'Tame Cat' Out The Bag as BoE Raises Rates to 1.25%

As the Bank of England is accused of 'bottling it' after the Fed hike yesterday, experts observe differences between the UK and the US

James Gard 16 June, 2022 | 12:46AM Ollie Smith
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UK interest rates have been raised to 1.25% today, as economists expected, but some Bank of England policmakers had voted for a bigger increase. The move follows the Federal Reserve’s more aggressive hike of 75 basis points last night, and the Bank’s 25 basis point increase in May and recession warning.

Monetary policy committee (MPC) members voted 6-3 to raise interest rates from 1% to 1.25%, with the minority backing a rise to 1.5%.

This month’s meeting, unlike May's, is not accompanied by a monetary policy report (formerly the inflation report), which usually carries more detailed forecasts on economic growth. There’s no interest rate decision in July, and August will see the latest quarterly report accompanying the rate-setting meeting.

The statement accompanying today’s decision revisited some of the details of the May report, but the Bank noted that there has been significant movement in financial markets since mid-May, even though economic data has been relatively thin on the ground. One significant fiscal event since the last Bank meeting was the Chancellor’s windfall tax and energy bill giveaway. BoE economists expect this boost to add to both economic growth and inflation this year.

The BoE is forecasting a fall in GDP of 0.3% in the second quarter, which is now drawing to a close. We''ll get the Q2 numbers at the end of July, if the ONS follows its usual schedule. April data, released at the start of this week, was worse than expected, cementing the argument that a slowdown is inevitable.

Otherwise the picture painted in May remains the same: inflation is soaring, the labour market is tight and equity and bond markets are flagging inflation and recession risk with no sign of an end to the war in Ukraine.

In recent weeks we have looked in detail at the Bank of England’s strategy and whether it can be effective in taming inflation, and if a recession will make a dramatic impact on the UK investment landscape. CPI inflation is now expected to hit 11% towards the end of this year, before falling back to target in the coming years.

Given this is the Bank’s remit, it’s no surprise to see the message reiterated that monetary policy tools are still fit for purpose in returning inflation to 2%.

“Monetary policy will ensure that, as the adjustment to these shocks occurs, CPI inflation will return to the 2% target sustainably in the medium term,” the statement said.

Some experts have argued that the Bank is being too cautious in its approach, however, especially compared to the Federal Reserve's approach. (The European Central Bank has yet to raise rates, but is expected to in its July meeting.)

The Reaction

As usual, the reaction from spokespeople and lobbyists is pouring in fast. 

Les Cameron, financial expert, M&G Wealth:

“With the current high levels of inflation we’re experiencing, a modest increase to savings rates would still mean that most cash or near-cash savers, for example National Savings & Investments [customers], would see their wealth being eroded in real terms. Of course, many of those with cash savings are pensioners who spend a higher proportion of their savings on energy costs, which we know are increasing at a much higher rate even than the headline inflation rates. The increasing cost of living will mean those repaying debt not on a fixed rate will no doubt feel the pinch even more if rates rise.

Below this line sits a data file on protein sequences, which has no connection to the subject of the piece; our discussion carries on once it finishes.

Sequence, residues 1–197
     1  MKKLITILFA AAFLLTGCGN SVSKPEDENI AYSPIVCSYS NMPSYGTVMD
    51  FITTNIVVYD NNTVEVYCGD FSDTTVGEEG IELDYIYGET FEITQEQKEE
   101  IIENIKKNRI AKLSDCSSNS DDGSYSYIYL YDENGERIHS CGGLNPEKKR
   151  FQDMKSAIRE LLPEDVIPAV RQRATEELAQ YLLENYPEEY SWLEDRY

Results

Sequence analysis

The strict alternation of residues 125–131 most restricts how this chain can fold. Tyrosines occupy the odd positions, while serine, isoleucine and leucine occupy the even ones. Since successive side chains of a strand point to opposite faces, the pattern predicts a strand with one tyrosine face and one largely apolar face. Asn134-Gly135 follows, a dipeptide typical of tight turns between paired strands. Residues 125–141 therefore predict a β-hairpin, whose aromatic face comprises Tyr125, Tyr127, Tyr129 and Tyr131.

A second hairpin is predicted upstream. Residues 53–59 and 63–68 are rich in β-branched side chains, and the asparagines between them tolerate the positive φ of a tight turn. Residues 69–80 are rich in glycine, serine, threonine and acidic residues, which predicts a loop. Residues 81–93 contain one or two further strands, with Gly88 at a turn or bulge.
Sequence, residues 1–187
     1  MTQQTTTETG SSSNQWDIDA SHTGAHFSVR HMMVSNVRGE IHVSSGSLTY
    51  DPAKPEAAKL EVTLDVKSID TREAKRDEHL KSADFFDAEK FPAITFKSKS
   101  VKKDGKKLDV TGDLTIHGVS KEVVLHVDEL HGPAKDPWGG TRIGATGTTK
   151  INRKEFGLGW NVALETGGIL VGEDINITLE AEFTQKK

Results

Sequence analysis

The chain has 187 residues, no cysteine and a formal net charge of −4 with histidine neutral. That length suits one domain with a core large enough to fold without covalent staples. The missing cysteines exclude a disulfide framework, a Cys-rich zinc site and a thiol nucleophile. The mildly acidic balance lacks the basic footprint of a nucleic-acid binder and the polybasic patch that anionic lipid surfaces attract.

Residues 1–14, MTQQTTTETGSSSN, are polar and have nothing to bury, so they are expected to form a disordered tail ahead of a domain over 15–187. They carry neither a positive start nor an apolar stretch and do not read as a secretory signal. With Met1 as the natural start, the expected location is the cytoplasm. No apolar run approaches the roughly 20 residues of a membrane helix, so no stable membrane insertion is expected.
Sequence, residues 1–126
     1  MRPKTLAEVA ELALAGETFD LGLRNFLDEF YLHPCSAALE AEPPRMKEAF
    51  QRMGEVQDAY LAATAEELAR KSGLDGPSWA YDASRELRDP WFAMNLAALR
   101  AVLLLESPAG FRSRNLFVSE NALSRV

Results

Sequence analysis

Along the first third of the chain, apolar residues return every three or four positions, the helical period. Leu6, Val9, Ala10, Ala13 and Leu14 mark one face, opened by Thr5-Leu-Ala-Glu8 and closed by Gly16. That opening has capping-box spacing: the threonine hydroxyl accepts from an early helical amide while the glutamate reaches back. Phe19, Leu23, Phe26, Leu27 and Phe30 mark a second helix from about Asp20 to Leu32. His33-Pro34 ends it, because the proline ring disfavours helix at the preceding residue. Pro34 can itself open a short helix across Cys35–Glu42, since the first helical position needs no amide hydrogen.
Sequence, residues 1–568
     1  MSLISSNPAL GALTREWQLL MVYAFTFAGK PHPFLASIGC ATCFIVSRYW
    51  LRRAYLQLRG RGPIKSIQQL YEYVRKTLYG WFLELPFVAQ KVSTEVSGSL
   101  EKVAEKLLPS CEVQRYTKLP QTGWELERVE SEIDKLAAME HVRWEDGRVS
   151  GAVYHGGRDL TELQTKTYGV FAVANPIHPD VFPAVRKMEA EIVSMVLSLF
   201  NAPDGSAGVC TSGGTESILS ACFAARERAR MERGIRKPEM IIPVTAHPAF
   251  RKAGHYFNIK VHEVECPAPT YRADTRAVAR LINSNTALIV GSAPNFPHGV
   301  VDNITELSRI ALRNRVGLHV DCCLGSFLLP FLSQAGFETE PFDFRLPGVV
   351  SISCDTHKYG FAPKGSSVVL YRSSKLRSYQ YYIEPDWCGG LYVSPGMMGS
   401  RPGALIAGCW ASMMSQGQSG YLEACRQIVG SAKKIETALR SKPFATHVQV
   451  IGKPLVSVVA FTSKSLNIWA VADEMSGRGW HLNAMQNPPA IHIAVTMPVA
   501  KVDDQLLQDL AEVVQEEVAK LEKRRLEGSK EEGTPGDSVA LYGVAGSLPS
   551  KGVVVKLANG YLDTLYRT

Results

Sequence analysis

Alan Custis, managing director, Lazard Asset Management:

“The MPC continues to balance the inflationary effects on the economy, with the very real chance that they tighten too much and the UK economy lurches into a full blown recession. Andrew Bailey […] has been slow in tackling inflation, for which he has come in for some criticism by MPs, and this move today balances all of the factors that are currently weighing on the economy.”

Chris Beauchamp, chief market analyst, IG Group:

Once again the BoE looks like the timid cat next to the Fed’s roar against inflation, with just a 25bps hike. Accompanying comments about being prepared to act ‘forcefully’ on inflation will do little when the actual evidence shows the committee remains broadly cautious. A 6-3 vote on 25bps means that the sterling bulls will have little to back up any attempt to push the pound higher against the dollar, and $1.20 will likely be tested once more.

Laith Khalaf, Head of Investment Analysis, AJ Bell:

“The Bank of England is playing a game of slowly, slowly catchy inflation, rather than the shock and awe tactics being employed across the Atlantic. Despite the UK starting to tighten monetary policy first, interest rates are now higher in the US. Markets will no doubt seize on this as a sign the Bank of England has bottled it, but an incremental strategy allows the rate setting committee to observe more data as it comes in, and fine tune its approach as circumstances dictate. The US economy also has more long-term fixed mortgages than the UK, which makes interest rates across the pond a blunter policy tool, so the Fed has to create a bit of extra bang to have the same effect on a buck.

“No-one should labour under the misapprehension that interest rate rises are going to do anything about eye-watering levels of inflation in the short term. Our inflationary problem is being driven by a supply shock to energy markets stemming from the conflict in Ukraine, and the ensuing sanctions, and no number of interest rate rises will solve that problem. What the Bank is trying to do is head off second order inflationary effects becoming ingrained in the system and taking on a life of their own.”

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James Gard  is senior editor for Morningstar.co.uk